So that high voltage may not be unusual depending on the conditions when you measured it.

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Old 11-20-2019, 02:24 PM   #11
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This is an almost brand new rv. There shouldn't be anything wrong with your batteries. How did they get overfilled.
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Old 11-20-2019, 03:32 PM   #12
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You need to have a competent tech check your system. The info you are getting is good but if you don't know what to look for that's a problem.

Most of us who post do our own battery filling to avoid what happened to you. Never fill a battery completely full.

Somebody needs to check your charging rates and as noted if a battery is low the initial charging voltage will be in the 13.8 or 14.2 range until the battery gets a charge on it then your charger should back off and allow the rest of the charge to be a slow process. If it does not slow down it over charges the battery.

Several years ago a friend of mine gave me two small digital volt gauges. I installed them on my steps. One monitors the chassis battery and the other monitors the house/coach battery's. One knows an a glance exactly how the battery's are doing be they be plugged into shore power, engine or generator running.

I was amazed and really couldn't believe how many posters criticized me for such a useless install. Why waste time and a few bucks doing something so useless as a voltage gauge to monitor the incoming charge rate for all battery's? They all said you can't check the condition of a battery based on just a voltage reading. Your situation is exactly why this is good to know at a glance.

When things begin to go wrong that voltage will tell you there's an issue. In your case maybe your charging system is not working correctly and overcharging your battery's. That causes the boiling and leaking of battery acid. If you had voltage monitors you'd know immediately.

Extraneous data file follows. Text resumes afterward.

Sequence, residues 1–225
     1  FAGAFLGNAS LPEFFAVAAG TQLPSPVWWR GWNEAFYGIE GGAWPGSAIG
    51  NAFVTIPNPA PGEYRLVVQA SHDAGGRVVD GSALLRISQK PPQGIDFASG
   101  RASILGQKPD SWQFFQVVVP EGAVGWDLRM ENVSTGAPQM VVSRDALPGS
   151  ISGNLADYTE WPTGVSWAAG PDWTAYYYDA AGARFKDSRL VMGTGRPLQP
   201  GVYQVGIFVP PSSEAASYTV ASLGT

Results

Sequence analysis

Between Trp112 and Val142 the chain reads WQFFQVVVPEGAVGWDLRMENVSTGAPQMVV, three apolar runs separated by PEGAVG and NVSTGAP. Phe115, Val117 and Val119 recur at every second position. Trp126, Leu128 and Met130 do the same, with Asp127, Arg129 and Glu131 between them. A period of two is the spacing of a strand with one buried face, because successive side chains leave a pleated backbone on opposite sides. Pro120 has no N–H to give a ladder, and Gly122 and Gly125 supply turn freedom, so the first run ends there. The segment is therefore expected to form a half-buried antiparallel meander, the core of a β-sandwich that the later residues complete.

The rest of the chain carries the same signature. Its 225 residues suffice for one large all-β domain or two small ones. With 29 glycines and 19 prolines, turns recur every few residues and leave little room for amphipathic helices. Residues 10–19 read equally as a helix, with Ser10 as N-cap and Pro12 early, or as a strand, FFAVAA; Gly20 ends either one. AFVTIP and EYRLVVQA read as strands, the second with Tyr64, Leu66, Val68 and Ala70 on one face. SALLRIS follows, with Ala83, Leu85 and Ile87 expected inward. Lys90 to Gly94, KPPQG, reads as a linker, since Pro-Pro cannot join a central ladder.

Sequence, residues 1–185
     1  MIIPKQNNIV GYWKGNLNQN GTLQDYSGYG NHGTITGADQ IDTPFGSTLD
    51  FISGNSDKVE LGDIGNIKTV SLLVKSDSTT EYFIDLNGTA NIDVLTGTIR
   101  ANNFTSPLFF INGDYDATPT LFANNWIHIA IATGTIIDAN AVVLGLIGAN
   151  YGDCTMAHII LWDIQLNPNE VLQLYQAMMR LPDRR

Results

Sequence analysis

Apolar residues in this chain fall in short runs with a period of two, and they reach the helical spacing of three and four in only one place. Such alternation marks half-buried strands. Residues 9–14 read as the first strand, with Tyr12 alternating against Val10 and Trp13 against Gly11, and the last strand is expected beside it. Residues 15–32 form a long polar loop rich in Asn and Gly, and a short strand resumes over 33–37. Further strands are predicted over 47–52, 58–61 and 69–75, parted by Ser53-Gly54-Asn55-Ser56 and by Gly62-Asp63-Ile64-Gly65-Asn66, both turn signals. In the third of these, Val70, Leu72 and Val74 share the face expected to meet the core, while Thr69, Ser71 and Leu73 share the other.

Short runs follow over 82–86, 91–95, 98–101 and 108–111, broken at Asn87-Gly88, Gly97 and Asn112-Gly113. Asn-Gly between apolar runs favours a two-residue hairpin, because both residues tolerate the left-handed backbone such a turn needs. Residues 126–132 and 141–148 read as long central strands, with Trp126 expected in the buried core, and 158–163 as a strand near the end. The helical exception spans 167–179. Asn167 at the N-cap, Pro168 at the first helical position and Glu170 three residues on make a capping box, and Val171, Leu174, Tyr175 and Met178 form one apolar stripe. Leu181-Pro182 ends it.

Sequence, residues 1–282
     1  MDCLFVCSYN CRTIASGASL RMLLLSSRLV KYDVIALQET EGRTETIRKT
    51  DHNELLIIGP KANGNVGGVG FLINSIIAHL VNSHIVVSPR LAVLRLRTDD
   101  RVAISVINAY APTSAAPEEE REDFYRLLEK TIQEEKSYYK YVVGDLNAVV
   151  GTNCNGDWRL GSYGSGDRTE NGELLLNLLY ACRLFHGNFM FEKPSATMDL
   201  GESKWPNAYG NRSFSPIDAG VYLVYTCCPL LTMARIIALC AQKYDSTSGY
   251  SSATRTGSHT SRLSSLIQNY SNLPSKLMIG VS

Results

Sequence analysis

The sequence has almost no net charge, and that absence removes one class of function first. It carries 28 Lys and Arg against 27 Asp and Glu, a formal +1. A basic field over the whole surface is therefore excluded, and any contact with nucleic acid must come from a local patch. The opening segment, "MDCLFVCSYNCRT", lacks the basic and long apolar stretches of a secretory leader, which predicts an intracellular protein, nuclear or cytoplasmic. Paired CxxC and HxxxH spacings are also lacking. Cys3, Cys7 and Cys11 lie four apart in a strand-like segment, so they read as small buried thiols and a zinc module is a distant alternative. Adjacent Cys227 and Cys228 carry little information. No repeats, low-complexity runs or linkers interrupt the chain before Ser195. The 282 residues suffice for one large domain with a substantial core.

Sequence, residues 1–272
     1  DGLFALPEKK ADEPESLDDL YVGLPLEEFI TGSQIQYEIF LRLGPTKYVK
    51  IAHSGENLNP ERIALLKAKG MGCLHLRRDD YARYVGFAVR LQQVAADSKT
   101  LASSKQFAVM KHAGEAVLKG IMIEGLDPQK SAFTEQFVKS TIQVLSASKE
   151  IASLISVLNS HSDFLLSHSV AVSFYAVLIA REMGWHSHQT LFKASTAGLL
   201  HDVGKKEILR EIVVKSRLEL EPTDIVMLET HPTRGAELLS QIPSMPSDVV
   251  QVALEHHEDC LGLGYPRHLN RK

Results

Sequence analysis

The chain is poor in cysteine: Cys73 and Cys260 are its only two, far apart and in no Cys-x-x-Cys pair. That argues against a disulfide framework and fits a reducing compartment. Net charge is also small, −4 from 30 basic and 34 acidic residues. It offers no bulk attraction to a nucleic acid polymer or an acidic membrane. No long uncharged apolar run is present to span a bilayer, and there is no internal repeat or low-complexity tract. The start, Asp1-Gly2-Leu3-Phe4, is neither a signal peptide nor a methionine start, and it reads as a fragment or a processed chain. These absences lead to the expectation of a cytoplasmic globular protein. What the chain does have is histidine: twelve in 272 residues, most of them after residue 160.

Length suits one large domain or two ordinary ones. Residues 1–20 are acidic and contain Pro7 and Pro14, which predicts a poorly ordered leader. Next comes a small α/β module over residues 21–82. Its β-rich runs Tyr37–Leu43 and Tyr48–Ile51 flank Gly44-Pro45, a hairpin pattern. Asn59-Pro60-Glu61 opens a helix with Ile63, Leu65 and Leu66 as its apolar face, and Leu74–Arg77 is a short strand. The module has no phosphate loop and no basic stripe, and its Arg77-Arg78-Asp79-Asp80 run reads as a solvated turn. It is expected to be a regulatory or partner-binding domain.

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Old 11-20-2019, 03:51 PM   #13
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Hi Reacher..... When I had my first service at 6500 mile they said they topped off the batteries. I did not pay much attention to it until I noticed the drip down the front of the bumper.... at about the 8000 mile mark. It was then that I could see the water seeping out around each of the cell caps. I pulled off the caps, and the water was full to the top. I pulled the excess water out, dried it up and thought that would be the end of it, yet I continued to see the wetness on top and around the batteries. And I still get the drip running down the front of the bumper. It seems to be blowing up on the grill and all over he undercarriage, creating the corrosion on everything underneath.


Hi NXR... You make a very good point. I took those readings while I was plugged into shore power. Had been plugged in for about 12 hours then. So those voltage values are all representing the inverter's impact.

I just unplugged from shore power and took these new readings.
Engine Off: Front House: 12.95V, Lower House: 12.78, Chassis: 12.95V

Engine On: Front House: 14.15V, Lower House: 14.09V, Chassis: 14.30

The inverter is a Magnum MS2012: 2000 VA, DC input Range 9.0 to 16.8 VDC.

Thanks again for your insight.

GW
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Old 11-20-2019, 04:11 PM   #14
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In addition to all these good suggestions, it is my suspicion that sometimes the condition of the roads and the stiffness of the suspension leads to electrolyte spillage simply due to the battery having the %#@!$ shaken out of it.

I have observed small amounts of electrolyte escaping my chassis battery also, and it isn't overfilled. I am considering an AGM (no-spill) replacement simply because I am tired of cleaning up corrosion.